Two Design discoveries.

Blue Triangle Chalk

Blue Triangle Chalk

Going on holiday to Portugal for two and half weeks was a dream. I went alone but whenever I go with family, we stay with our family friends Yvonne and Gilbert in the Algarve and their two children Remy and Gil. My mum worked with Yvonne in 1980’s London and she is ten years my mum’s junior – but they have stayed life-long friends to this day.  Yvonne moved to Portugal and married a Portuguese guy – their girl Remy is fifteen and their boy Gil is thirteen. It was near the end of my stay when I was playing snooker with Gil that I stumbled upon a piece of design that I’d never properly noticed before. I discovered blue Triangle Chalk and I was intrigued by the compact cubed shape along with its iconic black and yellow typographic packaging. I was in love and immediately took out my camera and photographed it. The photo turned out really naturally. I rubbed some of the cobalt chalk on the edge of snooker table to reveal its textured powdery residue, whilst in the background Gil’s friend Diogo is sitting on the edge of the table wearing blue floral swimming trunks which are blurred in the background. The effect is pioneering and playing true to its role, it’s ‘King of them all’. The outcome was a true appreciation to design, typography, colour and texture and discovering things by mistake. These are the best finds.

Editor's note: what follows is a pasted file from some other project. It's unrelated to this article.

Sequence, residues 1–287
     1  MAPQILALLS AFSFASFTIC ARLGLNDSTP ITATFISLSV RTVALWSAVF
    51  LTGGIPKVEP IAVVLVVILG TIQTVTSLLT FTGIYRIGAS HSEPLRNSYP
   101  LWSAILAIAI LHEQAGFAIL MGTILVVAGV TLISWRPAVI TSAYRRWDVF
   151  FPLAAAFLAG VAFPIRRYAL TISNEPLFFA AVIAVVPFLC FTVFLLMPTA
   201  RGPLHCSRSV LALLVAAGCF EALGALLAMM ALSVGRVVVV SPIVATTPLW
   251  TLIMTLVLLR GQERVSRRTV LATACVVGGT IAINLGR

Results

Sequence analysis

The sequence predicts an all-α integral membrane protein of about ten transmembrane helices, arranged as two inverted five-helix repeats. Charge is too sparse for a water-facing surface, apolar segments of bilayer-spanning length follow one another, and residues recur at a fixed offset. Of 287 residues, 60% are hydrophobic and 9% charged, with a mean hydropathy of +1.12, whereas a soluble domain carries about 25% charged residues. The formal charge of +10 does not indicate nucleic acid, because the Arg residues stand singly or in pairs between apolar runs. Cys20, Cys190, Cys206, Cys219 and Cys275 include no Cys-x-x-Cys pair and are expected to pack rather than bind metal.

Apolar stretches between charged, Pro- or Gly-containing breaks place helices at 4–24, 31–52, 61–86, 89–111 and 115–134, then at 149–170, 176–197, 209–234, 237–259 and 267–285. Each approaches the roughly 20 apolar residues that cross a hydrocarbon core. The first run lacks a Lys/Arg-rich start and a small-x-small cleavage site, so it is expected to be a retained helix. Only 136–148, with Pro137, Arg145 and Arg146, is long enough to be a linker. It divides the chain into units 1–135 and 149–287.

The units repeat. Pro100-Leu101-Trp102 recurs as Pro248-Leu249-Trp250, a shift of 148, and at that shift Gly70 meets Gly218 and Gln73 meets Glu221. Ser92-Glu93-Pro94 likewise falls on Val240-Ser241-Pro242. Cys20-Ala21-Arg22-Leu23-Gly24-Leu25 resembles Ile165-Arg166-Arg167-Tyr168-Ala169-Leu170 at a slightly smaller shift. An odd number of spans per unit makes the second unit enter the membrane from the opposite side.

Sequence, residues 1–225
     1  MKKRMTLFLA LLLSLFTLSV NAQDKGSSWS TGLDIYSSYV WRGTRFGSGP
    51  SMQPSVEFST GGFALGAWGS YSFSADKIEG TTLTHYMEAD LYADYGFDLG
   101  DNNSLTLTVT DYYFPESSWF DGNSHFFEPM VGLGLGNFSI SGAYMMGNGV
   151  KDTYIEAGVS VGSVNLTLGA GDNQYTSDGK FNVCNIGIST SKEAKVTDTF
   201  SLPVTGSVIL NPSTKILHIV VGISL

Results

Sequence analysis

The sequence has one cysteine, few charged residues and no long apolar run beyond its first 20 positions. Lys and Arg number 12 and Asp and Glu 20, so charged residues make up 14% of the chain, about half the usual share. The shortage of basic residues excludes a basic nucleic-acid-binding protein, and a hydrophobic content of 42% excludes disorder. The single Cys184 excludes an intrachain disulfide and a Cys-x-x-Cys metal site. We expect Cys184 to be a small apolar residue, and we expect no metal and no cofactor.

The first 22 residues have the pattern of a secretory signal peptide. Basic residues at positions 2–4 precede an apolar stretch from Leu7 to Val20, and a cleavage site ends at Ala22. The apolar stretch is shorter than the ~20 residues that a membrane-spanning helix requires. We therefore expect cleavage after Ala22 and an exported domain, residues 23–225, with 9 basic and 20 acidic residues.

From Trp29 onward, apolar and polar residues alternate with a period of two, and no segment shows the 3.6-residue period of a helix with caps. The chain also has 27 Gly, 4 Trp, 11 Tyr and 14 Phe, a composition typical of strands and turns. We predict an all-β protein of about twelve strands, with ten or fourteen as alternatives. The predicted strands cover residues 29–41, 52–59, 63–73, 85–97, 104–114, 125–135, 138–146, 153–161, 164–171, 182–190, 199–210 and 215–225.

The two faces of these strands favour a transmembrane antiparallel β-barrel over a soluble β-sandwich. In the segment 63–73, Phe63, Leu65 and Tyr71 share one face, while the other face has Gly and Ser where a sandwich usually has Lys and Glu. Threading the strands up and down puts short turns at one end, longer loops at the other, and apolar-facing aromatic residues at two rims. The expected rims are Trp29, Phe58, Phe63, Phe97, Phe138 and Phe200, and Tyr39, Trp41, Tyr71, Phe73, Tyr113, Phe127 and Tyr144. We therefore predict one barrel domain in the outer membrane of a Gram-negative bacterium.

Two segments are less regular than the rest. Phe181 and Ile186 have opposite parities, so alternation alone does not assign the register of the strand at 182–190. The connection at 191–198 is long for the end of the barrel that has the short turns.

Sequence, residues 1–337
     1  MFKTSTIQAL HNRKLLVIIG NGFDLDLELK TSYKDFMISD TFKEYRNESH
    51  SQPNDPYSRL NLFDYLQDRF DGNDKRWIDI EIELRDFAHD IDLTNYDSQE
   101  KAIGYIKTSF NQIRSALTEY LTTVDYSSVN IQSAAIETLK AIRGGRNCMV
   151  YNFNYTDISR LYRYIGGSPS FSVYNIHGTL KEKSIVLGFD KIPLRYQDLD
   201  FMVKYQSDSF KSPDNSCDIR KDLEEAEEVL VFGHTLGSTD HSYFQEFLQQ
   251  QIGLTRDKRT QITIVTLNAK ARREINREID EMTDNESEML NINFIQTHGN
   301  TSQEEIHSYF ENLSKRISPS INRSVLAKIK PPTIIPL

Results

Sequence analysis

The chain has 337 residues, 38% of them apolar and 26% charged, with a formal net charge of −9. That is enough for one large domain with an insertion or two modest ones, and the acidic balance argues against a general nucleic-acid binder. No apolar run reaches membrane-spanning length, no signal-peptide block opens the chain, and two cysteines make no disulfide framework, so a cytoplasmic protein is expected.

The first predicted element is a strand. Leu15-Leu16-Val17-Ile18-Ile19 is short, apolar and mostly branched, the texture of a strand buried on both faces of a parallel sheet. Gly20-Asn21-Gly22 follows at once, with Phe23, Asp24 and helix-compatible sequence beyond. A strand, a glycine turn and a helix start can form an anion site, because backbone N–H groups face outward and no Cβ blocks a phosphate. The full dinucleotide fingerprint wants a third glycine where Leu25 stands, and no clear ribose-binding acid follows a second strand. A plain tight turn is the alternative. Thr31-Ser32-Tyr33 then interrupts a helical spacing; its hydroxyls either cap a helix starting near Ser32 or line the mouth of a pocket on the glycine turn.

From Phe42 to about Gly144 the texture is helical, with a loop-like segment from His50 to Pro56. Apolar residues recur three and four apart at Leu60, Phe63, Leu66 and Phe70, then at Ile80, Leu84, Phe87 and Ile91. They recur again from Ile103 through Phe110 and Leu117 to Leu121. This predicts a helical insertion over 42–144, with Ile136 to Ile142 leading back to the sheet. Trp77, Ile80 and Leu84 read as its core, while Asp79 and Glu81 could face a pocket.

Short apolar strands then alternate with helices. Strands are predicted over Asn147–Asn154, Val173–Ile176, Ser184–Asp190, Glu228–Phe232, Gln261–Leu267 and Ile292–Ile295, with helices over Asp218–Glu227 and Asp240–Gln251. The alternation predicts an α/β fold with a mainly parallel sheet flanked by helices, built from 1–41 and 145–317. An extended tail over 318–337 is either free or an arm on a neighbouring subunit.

Archival labels dating back to the Grant Museum in 1828

Archival labels dating back to the Grant Museum in 1828

I was on my Time Out journey when I found AV Gallery in Marylebone. I was so excited when I stumbled across a tray full of archival ephemera in their Nature Reserves exhibition. On the lower floor of the gallery were a collection of typographic labels and tags dating back to the origins of the Grant Museum in 1828 that have since become detached from the original artefacts they once described. To see so much rarity in one place was truly sensational and satisfying. I learnt that they had been sitting in an old shoe box before they were so perfectly curated into glass covered trays. More notably, the curators at the time would have endured a challenging handwriting exam in order to become successful practitioners of important specimens. Now, the labels and rare handwritten papers are a sight of beauty, especially with the variations of discoloured sepia papers. I believe the archival information has been laid out and curated with arrangement and process in mind in order to please the viewer’s eye. I’ve become a bit fascinated with archival information and origin. I was really happy to discover this amount of ephemera in one place – it sort of made me melt.

Varied typographic handwriting and sepia tones

Varied typographic handwriting and sepia tones

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